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Book Club Wed Dec 16 2015
Earlier this year, I put together a list of the Best Chicago Novels by Neighborhood, tying the city's greatest works of fiction to their geographical settings. But during my research, I wound up with a handful of great books set just outside city limits.
Here is that list, the best novels (and one novel-esque memoir) set in Chicago's suburbs. You may notice most of them were published in just the past 15 years. It's not that no one was writing about Chicago suburbs before 2000 (see The Chicago of Fiction: A Resource Guide for proof), it's just that most of those books are out of print. If I've missed any great still-in-print books set in the suburbs, let me know in the comments.
The Instructions, Adam Levin (2010). Easily one of the most fascinating novels of the decade, about a messianic ten-year-old boy. The author grew up in Buffalo Grove, and the novel's Jewish day school is a "fictionalized" version of Aptasikic Junior High.
The Confessions of Al Capone, Loren D. Estleman (2013). There's plenty of nonfiction about the life of Chicago's most infamous gangster, but this taut historical novel imagines him close to death in Florida, spilling his secrets to an FBI agent posing as a priest, including his time as the King of Cicero.
A Good Family, Eric Fassnacht (2015). A multi-generational family dramedy in the vein of Jonathan Franzen's The Corrections.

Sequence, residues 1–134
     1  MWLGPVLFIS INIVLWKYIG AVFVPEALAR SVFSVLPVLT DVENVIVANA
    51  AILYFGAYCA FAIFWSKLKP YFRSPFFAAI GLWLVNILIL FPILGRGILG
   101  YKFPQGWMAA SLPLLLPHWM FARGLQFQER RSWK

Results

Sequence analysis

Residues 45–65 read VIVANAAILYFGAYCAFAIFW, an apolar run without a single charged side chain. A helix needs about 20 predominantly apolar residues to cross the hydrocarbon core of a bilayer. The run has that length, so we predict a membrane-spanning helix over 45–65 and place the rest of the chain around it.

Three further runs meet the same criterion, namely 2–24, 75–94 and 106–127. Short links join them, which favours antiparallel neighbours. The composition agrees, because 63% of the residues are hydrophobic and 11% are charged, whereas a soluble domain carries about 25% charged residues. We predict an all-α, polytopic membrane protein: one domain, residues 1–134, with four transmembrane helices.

The Black Hour, Lori Rader-Day (2014). Rothbert University is a thinly-veiled stand-in for Northwestern University in Rader-Day's debut mystery about a series of deaths on campus.
Ordinary People, Judith Guest (1976). An affluent North Shore family faces not one, but two tragedies. You've probably seen the movie adaptation, directed by Robert Redford and starring Donald Sutherland and Mary Tyler Moore.
Her Fearful Symmetry, Audrey Niffenegger (2009). Mostly set in London, Niffenegger's atmospheric follow-up to The Time Traveler's Wife features several scenes in Lake Forest, where the twins grew up with their mother.
A Heartbreaking Work of Staggering Genius, Dave Eggers (2000). It's not a novel, but this memoir by the founder of McSweeny's begins in Lake Forest (with guest appearances by Chicago and Evanston) as Eggers and his siblings deal with the deaths of their parents.
The Making of Zombie Wars, Aleksandar Hemon (2015). The protagonist lives in Lakeview, but his femme fatale Ana lives "way out in Lincolnwood, in a building that looks like a depressing dorm."
Will Grayson, Will Grayson, John Green and David Leviathan (2011). An experimental novel half-written by the author of The Fault in Our Stars about two very different boys with the same name.
Ballads of Suburbia, Stephanie Kuehnert (2009). Another (brutal) suburban coming-of-age tale, now featuring more drugs and rock'n'roll.